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 Post subject: Simple avy or tree well release for most strap bindings.
PostPosted: Thu Feb 07, 2008 4:47 pm 
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Location: Bozeman MT
Hi all,
It seems there's been lots of interest in a release mode for avalanches or tree wells for strap bindings. San Frantastico showed one idea last year which can be seen here: http://www.splitboard.com/talk/viewtopic.php?p=24010&highlight=#24010. I've been getting emails about this as well, and saw this in the February / March Issue of Backcountry Magazine:
Image

So here's my idea for a release, drill a hole through the release tab on your ankle straps and run a cord through it. In the event of a slide, or you end up hanging like luke skywalker in a tree well, pull the cord and get out. Video:
http://www.youtube.com/watch?v=5Gyg9zNb0vU

It doesn't approach the ideal of having bindings that will blow off automatically when you're caught in an avy, but I've shredded some slide for life conditions where under no circumstance would I want to come out of my board. It's not perfect but it's a start. I have no interest in patenting this idea and am using this as my initial public disclosure, not to say that somebody else didn't think of it first.

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 Post subject:
PostPosted: Thu Feb 07, 2008 7:15 pm 
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Location: bc
you could sew a velcro flap onto your pants, rear leg mid-thigh, and have the two cords from each binding link into a zero friction roller link which has one cord that runs to another velcro flap, with a big, light, yellow hand grip hanging off, ready to be pulled

just reach down and pull straight up towards your head

this way in the transition you could open up the velcro, close both the pant flap and cord flap on themselves, transition up the board, and then attach the cord to your pants mid-thigh again to skin up.

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 Post subject:
PostPosted: Thu Feb 07, 2008 7:32 pm 
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yeeaa ghetto paintage

Image

So that the velcro wouldn't wear out and be annoying to handle during the transition, you could have the flaps have both the "female" and "male" velcro (official terms anyone!??) and they could fold back on themselves during transition, or attach to each other on your thigh in "69" mode... haha

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 Post subject:
PostPosted: Thu Feb 07, 2008 7:35 pm 
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Location: Bozeman MT
Nice diagram, I've seen much worse! Looks like a good start. I like the thought of something that works equally well in split or board mode, since you spend most of your time on the way up.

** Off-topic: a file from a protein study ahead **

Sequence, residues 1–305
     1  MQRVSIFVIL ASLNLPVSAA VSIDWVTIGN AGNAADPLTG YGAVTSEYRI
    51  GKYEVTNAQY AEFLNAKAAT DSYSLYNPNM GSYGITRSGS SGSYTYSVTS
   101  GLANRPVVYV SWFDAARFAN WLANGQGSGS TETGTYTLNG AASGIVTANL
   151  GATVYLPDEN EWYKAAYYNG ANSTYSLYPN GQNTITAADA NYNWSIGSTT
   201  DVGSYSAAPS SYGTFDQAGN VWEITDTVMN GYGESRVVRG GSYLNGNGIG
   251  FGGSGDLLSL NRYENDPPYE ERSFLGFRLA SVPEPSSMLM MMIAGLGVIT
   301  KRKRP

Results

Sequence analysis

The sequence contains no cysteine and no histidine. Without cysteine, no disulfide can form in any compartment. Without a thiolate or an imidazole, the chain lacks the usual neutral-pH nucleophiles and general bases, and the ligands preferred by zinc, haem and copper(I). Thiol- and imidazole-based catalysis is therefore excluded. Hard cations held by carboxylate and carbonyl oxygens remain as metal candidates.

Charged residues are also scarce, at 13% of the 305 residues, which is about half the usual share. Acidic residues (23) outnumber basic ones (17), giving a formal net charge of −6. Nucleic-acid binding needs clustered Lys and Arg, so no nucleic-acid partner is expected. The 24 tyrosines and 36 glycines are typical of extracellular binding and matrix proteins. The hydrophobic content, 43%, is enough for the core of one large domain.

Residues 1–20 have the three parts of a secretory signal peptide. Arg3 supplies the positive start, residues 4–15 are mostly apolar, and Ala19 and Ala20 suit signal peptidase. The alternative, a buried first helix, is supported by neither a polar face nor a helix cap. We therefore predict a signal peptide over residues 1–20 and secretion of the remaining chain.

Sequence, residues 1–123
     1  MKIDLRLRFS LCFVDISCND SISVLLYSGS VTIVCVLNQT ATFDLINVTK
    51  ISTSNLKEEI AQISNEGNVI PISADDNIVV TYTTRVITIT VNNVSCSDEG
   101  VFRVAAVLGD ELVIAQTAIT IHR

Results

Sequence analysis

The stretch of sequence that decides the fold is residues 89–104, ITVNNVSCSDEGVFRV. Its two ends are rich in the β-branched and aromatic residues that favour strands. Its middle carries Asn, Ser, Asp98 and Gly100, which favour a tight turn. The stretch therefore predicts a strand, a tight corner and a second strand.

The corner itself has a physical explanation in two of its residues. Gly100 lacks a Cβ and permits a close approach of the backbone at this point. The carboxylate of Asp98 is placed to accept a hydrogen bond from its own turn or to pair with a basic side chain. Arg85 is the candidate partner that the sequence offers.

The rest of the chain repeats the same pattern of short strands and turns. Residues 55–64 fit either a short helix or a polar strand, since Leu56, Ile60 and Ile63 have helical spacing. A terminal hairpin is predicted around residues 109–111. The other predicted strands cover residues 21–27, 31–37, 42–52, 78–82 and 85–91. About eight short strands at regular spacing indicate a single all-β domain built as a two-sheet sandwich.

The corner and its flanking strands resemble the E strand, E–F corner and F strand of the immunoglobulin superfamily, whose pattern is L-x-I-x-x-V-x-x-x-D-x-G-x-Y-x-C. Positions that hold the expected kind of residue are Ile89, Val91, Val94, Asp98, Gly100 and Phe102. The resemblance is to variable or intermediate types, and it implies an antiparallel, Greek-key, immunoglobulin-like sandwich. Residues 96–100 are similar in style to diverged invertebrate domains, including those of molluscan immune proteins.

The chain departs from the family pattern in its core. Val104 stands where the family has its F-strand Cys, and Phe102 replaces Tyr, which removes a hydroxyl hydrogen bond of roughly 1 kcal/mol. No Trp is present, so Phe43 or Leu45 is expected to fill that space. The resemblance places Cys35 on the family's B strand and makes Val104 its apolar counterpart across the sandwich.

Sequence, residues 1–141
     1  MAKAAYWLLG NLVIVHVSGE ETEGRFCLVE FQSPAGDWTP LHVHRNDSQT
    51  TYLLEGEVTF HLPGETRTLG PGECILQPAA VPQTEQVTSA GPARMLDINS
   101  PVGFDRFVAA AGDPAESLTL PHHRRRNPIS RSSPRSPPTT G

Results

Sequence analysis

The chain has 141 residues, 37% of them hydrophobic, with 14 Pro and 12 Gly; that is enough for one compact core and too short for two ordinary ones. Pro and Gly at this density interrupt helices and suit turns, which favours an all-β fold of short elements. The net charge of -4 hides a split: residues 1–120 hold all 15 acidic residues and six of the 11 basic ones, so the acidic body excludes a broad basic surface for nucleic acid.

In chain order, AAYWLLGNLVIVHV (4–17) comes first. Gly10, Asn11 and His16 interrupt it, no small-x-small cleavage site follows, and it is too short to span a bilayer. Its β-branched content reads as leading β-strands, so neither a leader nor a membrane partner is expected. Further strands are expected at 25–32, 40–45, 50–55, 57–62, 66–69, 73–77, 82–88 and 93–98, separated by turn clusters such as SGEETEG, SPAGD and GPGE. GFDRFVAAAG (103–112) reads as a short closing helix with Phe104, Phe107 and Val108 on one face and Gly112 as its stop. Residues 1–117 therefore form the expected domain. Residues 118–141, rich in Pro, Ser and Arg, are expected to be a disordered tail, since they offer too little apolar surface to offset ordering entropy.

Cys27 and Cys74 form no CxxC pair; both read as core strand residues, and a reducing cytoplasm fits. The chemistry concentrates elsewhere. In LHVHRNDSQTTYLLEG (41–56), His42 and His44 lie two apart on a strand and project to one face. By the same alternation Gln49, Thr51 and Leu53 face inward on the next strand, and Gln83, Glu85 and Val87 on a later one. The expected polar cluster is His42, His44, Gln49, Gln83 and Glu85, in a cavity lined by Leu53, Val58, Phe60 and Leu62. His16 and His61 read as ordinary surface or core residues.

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 Post subject:
PostPosted: Thu Feb 07, 2008 8:08 pm 
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Location: bc
you'd probably actually want the cords like this, also this way, if you pull up on the handle with even like 5lbs of force, the inwards tension on both the ratchet cables is something like 30lbs...

Image

you could probably have an intersection like 10cm away from the bindings with 2 cords running to the heel strap and toe strap, that would ensure the both feet would pop out for sure.

On the skinning mode, if only your heel strap came off, and your binding is free to rotate, the chance of both feet coming off is probably not the greatest

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 Post subject:
PostPosted: Thu Feb 07, 2008 8:31 pm 
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Location: Jay Peak, VT
IMO, you don't have them release at the same time... Two cords would be more reliable and user friendly. THink of the old racing bindings that had pins the heels... The release mechanism was a chord with a handle coming out of the top of the boot. It worked... but it was annoying... I never used step-in alpine settings back in my racing days... Then again, i would never go back to an alpine setup!

Good stuff though...


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 Post subject:
PostPosted: Thu Feb 07, 2008 9:08 pm 
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Joined: Wed Oct 06, 2004 10:57 pm
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Location: California
An avalanche release system comprised of strings!

Now that's forward-thinking. :)


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 Post subject:
PostPosted: Fri Feb 08, 2008 12:10 am 
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Location: PNW Hood Canal
bcrider, you don't like strings?
I have a mod to my mtn plates that permit me to pull a pair of cords, not strings, that take about 12# of pressure upward to open the toe bails.
<a href="http://s256.photobucket.com/albums/hh192/Mumbles24/?action=view¤t=DSCF1350.jpg" target="_blank"><img src="http://i256.photobucket.com/albums/hh192/Mumbles24/DSCF1350.jpg" border="0" alt="Photobucket"></a>